Louie Powell
27-Jul-2010, 08:46
Long hikes and mountain climbing are not desired.

I presume that to mean that you aren't a roots and rocks photographer, and would prefer non-landscape subjects.

Some thoughts:

1. The Farmer's Museum in Cooperstown - great vintage buildings, a beautiful old white church, even some hops vines (and there's a fabulous local brewery to visit if you get thirsty).

2. Union Station in Utica - this grand old train station was constructed using marble columns recycled from the original Grand Central Station in NYC. That original station was torn down when the railroads were electrified and Park Avenue was elevated - and the 'modern' Grand Central Terminal was constructed in the early 20th century.

3. Wineries in the Finger Lakes. Great for tasting as well as photography.

4. The George Eastman House in Rochester - while you are in the neighborhood, see one of the greatest photography museums in the world.

5. The remains of the Rochester subway - an underground train system that was constructed in the early 20th century, and then abandoned after only a few years of operation.

6. Empire State Plaza in Albany - an architectural jewel (or monstrosity, depending on your point of view) and where all the tax money goes in New York.

7. Bard College in Annandale, NY. The main campus itself is OK, but the real photographic attraction is the Geary-designed concert hall.

R Mann
27-Jul-2010, 11:19
If you are into railroad "stuff" - Steamtown National Park in Scraton might be worth a stop.

27-Jul-2010, 22:36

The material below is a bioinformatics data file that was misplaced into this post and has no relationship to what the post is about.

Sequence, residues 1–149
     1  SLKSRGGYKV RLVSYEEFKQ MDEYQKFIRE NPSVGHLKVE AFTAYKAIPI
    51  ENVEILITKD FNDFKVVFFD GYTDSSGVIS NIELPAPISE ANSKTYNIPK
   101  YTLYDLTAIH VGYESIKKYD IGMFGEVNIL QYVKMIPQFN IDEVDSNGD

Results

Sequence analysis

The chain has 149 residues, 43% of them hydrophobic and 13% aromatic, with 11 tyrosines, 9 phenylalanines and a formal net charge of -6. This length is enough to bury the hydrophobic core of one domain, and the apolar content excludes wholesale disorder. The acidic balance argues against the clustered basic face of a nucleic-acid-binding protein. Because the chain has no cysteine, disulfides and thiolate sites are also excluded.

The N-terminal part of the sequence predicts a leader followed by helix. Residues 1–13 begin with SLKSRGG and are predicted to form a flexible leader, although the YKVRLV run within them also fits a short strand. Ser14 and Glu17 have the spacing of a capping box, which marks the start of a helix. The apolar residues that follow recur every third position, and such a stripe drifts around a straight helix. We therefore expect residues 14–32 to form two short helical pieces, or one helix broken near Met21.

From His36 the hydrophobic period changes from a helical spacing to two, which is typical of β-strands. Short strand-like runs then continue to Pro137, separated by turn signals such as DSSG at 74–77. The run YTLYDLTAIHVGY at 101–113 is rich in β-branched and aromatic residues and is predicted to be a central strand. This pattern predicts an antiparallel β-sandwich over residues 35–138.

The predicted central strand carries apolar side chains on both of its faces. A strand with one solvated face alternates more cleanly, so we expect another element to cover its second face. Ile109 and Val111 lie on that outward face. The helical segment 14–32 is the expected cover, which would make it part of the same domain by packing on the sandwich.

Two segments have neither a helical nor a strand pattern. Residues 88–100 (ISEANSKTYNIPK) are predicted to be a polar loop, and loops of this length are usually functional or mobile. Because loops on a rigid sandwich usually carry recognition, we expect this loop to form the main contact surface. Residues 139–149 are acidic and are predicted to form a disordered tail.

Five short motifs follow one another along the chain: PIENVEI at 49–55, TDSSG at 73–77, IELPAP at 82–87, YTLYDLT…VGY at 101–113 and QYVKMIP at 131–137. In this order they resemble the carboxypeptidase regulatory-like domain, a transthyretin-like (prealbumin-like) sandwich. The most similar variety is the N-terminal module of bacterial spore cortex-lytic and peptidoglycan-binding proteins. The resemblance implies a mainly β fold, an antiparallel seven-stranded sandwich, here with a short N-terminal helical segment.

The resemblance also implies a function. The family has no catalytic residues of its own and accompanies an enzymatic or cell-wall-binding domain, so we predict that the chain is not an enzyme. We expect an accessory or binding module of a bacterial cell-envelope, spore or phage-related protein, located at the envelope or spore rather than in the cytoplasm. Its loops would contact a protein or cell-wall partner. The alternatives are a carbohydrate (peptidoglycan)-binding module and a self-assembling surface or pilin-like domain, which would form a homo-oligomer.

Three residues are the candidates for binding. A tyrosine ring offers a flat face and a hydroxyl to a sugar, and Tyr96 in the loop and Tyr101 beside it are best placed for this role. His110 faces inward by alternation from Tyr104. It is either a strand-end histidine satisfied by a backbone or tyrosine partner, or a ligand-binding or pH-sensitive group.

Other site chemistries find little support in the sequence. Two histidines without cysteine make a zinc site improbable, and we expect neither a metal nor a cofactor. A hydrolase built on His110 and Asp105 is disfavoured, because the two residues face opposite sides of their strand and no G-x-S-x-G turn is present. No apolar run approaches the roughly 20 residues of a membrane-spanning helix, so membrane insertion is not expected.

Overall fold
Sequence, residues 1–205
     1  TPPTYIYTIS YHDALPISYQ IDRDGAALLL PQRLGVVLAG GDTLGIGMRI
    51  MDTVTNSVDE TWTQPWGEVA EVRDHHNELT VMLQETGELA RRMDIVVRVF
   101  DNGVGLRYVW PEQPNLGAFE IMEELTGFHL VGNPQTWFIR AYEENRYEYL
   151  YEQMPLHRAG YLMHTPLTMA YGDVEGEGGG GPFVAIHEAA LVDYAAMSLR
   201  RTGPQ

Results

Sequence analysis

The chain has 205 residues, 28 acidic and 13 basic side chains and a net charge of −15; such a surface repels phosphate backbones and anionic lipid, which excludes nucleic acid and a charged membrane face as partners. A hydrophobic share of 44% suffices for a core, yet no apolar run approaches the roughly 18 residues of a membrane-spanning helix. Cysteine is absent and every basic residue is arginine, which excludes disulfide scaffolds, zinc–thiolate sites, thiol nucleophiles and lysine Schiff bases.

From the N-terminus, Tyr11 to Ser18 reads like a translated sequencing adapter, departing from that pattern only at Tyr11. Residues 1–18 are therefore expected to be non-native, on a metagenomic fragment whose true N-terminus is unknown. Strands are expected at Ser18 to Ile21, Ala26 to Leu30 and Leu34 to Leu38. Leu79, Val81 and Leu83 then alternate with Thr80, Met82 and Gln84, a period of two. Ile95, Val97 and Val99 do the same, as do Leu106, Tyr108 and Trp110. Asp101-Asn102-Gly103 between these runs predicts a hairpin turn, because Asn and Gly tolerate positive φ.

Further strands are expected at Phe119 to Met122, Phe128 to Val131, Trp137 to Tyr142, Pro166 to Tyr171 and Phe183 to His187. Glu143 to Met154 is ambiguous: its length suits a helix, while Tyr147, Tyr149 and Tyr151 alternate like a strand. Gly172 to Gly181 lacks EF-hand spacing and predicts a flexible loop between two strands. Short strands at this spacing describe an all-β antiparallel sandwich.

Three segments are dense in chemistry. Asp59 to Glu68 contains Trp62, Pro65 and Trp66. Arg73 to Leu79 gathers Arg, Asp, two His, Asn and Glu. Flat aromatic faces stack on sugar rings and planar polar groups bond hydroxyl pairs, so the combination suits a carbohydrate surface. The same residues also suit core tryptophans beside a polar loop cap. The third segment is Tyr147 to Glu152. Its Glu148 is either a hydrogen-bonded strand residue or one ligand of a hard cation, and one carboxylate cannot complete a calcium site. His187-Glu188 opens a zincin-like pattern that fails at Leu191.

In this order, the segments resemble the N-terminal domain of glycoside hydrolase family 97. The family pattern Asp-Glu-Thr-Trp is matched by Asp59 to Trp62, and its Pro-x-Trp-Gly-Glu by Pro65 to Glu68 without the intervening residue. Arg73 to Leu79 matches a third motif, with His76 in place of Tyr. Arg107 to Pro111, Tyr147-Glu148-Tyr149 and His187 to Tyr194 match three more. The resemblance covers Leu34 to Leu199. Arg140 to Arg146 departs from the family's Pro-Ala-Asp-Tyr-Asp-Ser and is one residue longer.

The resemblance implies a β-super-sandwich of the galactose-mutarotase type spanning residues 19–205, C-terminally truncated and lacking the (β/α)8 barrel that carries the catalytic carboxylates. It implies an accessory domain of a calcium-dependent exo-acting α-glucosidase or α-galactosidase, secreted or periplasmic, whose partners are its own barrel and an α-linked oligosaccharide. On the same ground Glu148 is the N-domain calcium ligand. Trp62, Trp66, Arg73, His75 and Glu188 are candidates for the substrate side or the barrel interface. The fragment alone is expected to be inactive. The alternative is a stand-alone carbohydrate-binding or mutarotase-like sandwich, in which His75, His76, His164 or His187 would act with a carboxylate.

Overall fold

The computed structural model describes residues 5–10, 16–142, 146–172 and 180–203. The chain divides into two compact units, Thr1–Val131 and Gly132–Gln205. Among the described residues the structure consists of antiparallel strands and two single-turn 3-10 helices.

Thanks for all of the replies I should have specified more exactly what kind of photography I prefer. First of all, I shoot only B & W, color is of no interest to me. I do like landscapes, rocks, and trees as long as I don't have to trek to far. My first preference, however, is old buildings and structures, the more ruinous the better. Shooting in the touristy places is not preferred, however, I do if it is not too bad. A few months ago I shot in some of Utah's parks and on at least a half-dozen occasions people wanted to take pictures of my 4 x 5 as they had never seen one before. It seems that every time I set up a small crowd gathers assuming, (incorrectly), that I actually know what I am doing. I am sure that many of you have had similar experiences. So out of the way is better, but sometimes you have to hit a populated area since the subjects are more interesting. In any case, I now have some spots to check into. I did Niagra Falls, both sides, last year and it is just too loaded with tourists, so I will not be heading in that direction. The Erie Canal locks and a number of the other places sound interesting so I will google them and check them out. Many thanks to all who responded. Any further suggestions are most welcome. Regards, Rob Rielly